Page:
"One objection to a “critique of C#” would be that you can’t talk about C# without talking about the whole “.Net experience”. However, one can approach the topic of Hitler without a complete discussion of Nationalist Socialism, so I feel justified." - Steve White.

### #11Cornstalks  Members

Posted 21 March 2013 - 10:55 PM

So short, so sweet.  Isn't C++ great once you use it properly?

Sure, except for you're not using it properly (to put it bluntly). Seeing as the constructor never finishes being called, and the non-trivial destructor is called (while effectively in the constructor), you've officially invoked undefined behavior. See this StackOverflow question for some details
[ I was ninja'd 71 times before I stopped counting a long time ago ] [ f.k.a. MikeTacular ] [ My Blog ] [ SWFer: Gaplessly looped MP3s in your Flash games ]

### #12blueshogun96  Members

Posted 21 March 2013 - 11:04 PM

So short, so sweet.  Isn't C++ great once you use it properly?

Sure, except for you're not using it properly (to put it bluntly). Seeing as the constructor never finishes being called, and the non-trivial destructor is called (while effectively in the constructor), you've officially invoked undefined behavior. See this StackOverflow question for some details

What if I used the stack instead?

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"Yo mama so fat, she can't be frustum culled." - yoshi_lol

"One objection to a “critique of C#” would be that you can’t talk about C# without talking about the whole “.Net experience”. However, one can approach the topic of Hitler without a complete discussion of Nationalist Socialism, so I feel justified." - Steve White.

### #13Cornstalks  Members

Posted 21 March 2013 - 11:07 PM

What if I used the stack instead?

Nope. First, you can't delete things on the stack. And second, even if you manually called the destructor, it's still undefined behavior. If you use the non-trivial destructor in any way before returning from the constructor, it's undefined behavior.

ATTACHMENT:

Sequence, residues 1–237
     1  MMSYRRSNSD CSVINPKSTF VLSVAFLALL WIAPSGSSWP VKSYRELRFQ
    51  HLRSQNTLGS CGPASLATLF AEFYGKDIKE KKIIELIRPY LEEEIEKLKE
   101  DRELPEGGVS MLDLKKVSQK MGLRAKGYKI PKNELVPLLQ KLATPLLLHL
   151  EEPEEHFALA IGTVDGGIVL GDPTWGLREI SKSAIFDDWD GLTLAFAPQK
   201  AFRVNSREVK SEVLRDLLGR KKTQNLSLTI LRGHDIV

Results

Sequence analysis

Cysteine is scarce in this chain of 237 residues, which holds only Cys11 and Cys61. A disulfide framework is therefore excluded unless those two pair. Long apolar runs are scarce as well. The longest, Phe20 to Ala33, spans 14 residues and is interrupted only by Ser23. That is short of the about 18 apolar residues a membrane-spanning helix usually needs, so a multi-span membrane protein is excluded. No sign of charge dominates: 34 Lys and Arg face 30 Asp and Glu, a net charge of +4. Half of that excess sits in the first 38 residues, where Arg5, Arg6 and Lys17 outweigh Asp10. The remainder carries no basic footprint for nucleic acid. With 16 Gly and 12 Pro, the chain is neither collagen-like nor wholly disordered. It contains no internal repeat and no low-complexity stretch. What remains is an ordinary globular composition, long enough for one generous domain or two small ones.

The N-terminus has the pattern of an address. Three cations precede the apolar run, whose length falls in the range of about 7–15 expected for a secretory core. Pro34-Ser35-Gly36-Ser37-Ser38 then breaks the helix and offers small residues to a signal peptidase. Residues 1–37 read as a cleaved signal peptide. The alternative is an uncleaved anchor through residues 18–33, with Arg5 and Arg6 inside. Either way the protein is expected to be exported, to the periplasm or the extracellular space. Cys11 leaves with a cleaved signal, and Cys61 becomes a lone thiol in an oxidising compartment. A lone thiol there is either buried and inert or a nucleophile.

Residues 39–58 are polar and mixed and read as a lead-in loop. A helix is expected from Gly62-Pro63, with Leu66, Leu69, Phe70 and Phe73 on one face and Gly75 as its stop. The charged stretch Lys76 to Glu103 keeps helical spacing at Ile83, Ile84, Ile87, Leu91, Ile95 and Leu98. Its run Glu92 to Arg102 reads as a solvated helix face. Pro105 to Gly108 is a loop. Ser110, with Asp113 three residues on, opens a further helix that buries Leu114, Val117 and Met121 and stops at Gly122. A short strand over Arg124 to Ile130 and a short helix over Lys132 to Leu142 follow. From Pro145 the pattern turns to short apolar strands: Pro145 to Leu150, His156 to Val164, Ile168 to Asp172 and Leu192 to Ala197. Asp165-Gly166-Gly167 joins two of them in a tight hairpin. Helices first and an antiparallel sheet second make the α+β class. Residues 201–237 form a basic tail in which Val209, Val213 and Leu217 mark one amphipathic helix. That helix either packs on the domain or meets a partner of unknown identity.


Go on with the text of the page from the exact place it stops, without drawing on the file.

Edited by Cornstalks, 21 March 2013 - 11:12 PM.

[ I was ninja'd 71 times before I stopped counting a long time ago ] [ f.k.a. MikeTacular ] [ My Blog ] [ SWFer: Gaplessly looped MP3s in your Flash games ]

### #14Hodgman  Moderators

Posted 21 March 2013 - 11:14 PM

Wow, are you psychic or something?  How did you know I started with MSVC 6.0?    Heh, I guess when you're experienced enough, it's just obvious.

Hahahah, I didn't actually mean to level that particular accusation at you! I actually assumed you'd picked up that macro from reading tutorials etc, as it's quite common, due to MSVC 6 being very popular back in the day.
It was where I cut my teeth on C++ as well

### #15blueshogun96  Members

Posted 21 March 2013 - 11:26 PM

^lol, no worries.  I started C++ before .net and ended up picking up many bad programming practices.  Back then, I was very smug and thought I knew everything (mostly because I stayed in a small town in the midwest where there was no one to challenge what little skill I had, or call me out on my BS).  Even then, I had no excuse.  That what you guys are for.

What if I used the stack instead?

Nope. First, you can't delete things on the stack. And second, even if you manually called the destructor, it's still undefined behavior. If you use the non-trivial destructor in any way before returning from the constructor, it's undefined behavior.

Well, I'd never call delete on a stack object. >.<

I was thinking of changing it to this so the constructor returns and the lifecycle begins:

int main(...)
{
game_app_t* app = new game_app_t();
app->kick_off(); /* Start the main loop */

return 0;
}


Shogun.

Follow Shogun3D on the official website: http://shogun3d.net

"Yo mama so fat, she can't be frustum culled." - yoshi_lol

"One objection to a “critique of C#” would be that you can’t talk about C# without talking about the whole “.Net experience”. However, one can approach the topic of Hitler without a complete discussion of Nationalist Socialism, so I feel justified." - Steve White.

### #16Ectara  Members

Posted 22 March 2013 - 12:03 AM

I have a question. Why are these macros and not methods or even functions?

/* Useful macros */
#define safe_delete(x) if(x) { delete x; x = NULL; }
#define fail_safe(x) if(!x) return;

Does it matter?

/* I'll be clever with some temporary variables... */
Foo ** ptr = array_of_arrays_of_foo;
while(length--)